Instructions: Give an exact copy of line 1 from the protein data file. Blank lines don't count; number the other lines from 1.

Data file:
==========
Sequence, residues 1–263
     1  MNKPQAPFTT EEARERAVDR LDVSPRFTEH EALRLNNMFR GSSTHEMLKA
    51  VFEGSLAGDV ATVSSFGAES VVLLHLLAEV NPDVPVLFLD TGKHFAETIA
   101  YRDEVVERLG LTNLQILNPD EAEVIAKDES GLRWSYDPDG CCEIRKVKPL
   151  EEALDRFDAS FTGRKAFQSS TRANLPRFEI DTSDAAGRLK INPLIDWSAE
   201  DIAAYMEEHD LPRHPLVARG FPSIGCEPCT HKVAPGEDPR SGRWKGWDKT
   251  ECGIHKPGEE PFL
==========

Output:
Sequence, residues 1–263